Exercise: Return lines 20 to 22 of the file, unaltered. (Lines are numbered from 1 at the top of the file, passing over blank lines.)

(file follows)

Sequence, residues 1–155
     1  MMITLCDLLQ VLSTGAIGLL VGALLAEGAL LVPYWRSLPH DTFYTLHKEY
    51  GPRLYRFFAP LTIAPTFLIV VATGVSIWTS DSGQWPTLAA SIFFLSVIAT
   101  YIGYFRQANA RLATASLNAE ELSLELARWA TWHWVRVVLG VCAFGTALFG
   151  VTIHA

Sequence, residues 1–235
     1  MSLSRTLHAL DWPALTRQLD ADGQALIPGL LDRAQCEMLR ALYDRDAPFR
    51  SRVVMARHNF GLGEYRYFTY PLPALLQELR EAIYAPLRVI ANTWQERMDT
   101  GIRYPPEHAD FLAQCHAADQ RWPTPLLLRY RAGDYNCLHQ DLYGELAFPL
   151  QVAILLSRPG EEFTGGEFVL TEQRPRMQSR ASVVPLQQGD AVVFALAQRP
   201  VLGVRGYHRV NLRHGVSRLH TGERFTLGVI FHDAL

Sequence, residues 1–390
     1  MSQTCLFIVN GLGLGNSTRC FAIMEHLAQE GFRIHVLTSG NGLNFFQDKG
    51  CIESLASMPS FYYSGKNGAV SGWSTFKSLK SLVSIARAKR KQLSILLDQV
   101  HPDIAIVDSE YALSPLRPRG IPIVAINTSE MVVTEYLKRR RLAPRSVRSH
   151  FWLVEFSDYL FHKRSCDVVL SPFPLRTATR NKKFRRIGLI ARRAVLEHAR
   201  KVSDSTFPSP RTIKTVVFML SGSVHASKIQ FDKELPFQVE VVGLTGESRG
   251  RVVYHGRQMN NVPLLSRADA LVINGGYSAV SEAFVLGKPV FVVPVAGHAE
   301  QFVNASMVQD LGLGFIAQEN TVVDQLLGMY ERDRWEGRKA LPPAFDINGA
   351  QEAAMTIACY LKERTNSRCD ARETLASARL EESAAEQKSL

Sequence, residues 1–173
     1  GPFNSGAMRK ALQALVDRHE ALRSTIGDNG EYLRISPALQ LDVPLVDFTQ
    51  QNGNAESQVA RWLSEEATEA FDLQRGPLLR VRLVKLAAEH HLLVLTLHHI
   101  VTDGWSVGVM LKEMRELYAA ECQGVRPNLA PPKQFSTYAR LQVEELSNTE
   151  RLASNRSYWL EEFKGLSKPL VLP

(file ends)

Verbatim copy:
   351  QEAAMTIACY LKERTNSRCD ARETLASARL EESAAEQKSL

Sequence, residues 1–173
     1  GPFNSGAMRK ALQALVDRHE ALRSTIGDNG EYLRISPALQ LDVPLVDFTQ